How Eating Quality Foods Can Make All the Difference for You
How’s it coming with the holiday shopping and preparations? Hopefully you are taking time to enjoy this time of year and not getting too bogged down in the busyness of it all.
It can be so difficult during the holiday season to stay on track. We have so many social engagements, holiday parties, different events to go to, and even host some of our own. It is often a time for overindulgence, isn’t it?
Of course, it is always wonderful to have those special treats – you know, the ones we seem to save for the holidays! One of my family’s favorites is the Cranberry Bread I make.
In the past, I would just over-indulge and feel lousy about myself, feeling like I had no self-control – or my stomach would feel so bad from having over-consumed.
Many of us live by that counting calorie guide, and of course, we find ourselves way over the limit at this time of year.
6 Tips for Buying Healthy Foods Without Breaking the Bank
At this time of year, we are totally thinking about food. What are we going to feed our guests – what is it that I can take to my friend/relative’s house for Thanksgiving dinner.
Even though it’s that time of year that we tend to indulge ourselves, we can still add many healthy and delicious options to our menus. Of course, when it comes to eating healthy, we often think twice about buying the healthiest options at the grocery store because of the price.
Foods that help with cravings…..When you think about food cravings, typically the first thing that comes to mind would be some type of junk food – something that is high in calories, low in nutrients, processed and quite unhealthy. Is that what you tend to crave when a craving kicks in? What is your go-to craving — chocolate chip cookies? A big bowl of ice cream? For me a crave English chocolate and often lightly salted peanuts!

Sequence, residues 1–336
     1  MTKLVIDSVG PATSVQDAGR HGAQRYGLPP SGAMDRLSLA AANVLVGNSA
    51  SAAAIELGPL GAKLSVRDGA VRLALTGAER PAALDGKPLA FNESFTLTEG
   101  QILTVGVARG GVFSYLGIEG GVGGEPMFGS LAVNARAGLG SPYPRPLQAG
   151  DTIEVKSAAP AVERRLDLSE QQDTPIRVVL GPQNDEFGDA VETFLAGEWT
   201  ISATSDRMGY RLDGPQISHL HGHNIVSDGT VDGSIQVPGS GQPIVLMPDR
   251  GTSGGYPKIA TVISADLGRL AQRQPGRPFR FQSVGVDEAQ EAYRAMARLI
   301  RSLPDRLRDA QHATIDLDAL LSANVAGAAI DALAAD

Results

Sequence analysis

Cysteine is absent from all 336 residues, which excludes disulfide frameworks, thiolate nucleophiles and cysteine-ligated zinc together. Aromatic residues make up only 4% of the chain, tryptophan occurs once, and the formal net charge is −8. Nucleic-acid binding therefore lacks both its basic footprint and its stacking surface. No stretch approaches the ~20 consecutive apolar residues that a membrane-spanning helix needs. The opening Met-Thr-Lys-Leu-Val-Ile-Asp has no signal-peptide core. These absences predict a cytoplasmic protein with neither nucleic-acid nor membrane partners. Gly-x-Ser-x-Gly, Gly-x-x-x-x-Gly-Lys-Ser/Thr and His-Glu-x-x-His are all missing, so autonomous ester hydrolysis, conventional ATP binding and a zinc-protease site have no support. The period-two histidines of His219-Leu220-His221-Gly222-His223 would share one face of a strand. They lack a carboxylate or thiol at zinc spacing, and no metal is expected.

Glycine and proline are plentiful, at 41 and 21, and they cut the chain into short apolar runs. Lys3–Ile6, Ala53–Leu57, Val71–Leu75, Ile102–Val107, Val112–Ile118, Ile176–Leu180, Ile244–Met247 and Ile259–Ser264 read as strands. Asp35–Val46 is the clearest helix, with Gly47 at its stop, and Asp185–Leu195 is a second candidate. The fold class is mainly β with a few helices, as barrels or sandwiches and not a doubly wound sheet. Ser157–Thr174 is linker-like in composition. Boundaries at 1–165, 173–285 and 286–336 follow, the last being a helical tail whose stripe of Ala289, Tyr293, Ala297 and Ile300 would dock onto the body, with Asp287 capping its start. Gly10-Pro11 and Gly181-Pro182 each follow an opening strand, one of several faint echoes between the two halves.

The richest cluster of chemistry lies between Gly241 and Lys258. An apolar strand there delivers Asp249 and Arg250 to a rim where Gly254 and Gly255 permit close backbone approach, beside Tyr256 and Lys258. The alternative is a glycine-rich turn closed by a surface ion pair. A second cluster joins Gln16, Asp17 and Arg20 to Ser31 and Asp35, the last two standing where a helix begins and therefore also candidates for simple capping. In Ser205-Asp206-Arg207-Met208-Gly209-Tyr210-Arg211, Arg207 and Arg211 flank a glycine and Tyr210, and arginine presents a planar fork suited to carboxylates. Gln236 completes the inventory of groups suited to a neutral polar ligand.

Can Certain Foods Make A Difference With Migraines and Headaches? It is probably not news to the majority of migraine sufferers that most of us are in some way affected by the foods we eat. It can get complicated – some foods we know are triggers for us, and yet on some – more rare – occasions, we can eat that same food with no reaction……go figure!
Foods most likely to trigger migraines (and even some types of headaches) include wheat, milk, cheese, chocolate, coffee, sugar, peanuts, pork and chemical additives and preservatives.
The good new is that some foods do not cause or irritate headaches or migraines, and some foods can even help prevent or alleviate headaches and migraines.
So here’s the deal – many adults have unknown food allergies. Did you know that a high percentage of headaches – and even migraines – involve food intolerances? You have probably experienced for yourself what many migraine sufferers have also experienced – fewer headaches after eliminating foods they hadn’t even realized they were allergic to!
Let Food Be Thy Medicine. Food has been used as medicine for thousands of years to help us with healing, repairing, and living our lives. Scientists have spent years of research so that they could isolate different components of food to try to understand their functions as well as find evidence of their medicinal properties. We now know that the micronutrients in food; vitamins, minerals, phytochemicals and antioxidants, are essential for keeping our bodies functioning. There is some growing evidence relating to some medical conditions that certain foods can help to alleviate symptoms and even prevent some diseases from developing.
It is quite obvious from advertisements, news reports, emails, and the Internet, that there is no shortage of nutritional information available. Unfortunately, there is more misinformation than good, solid information. How do we wade through this mountain of information and decide what is fact and what is fiction? As consumers, how are we to determine what nutritional practices are effective, and of this which are effective, how do you adopt such practices to improve and support overall health and well-being? For us to sort all this out, the easiest way is probably to start by shifting the focus of daily diet habits from restrictions of what to eat and what not to eat, to a more common-sense and lifestyle-change approach. It’s the “Fad v. Fact Diet Confusion!”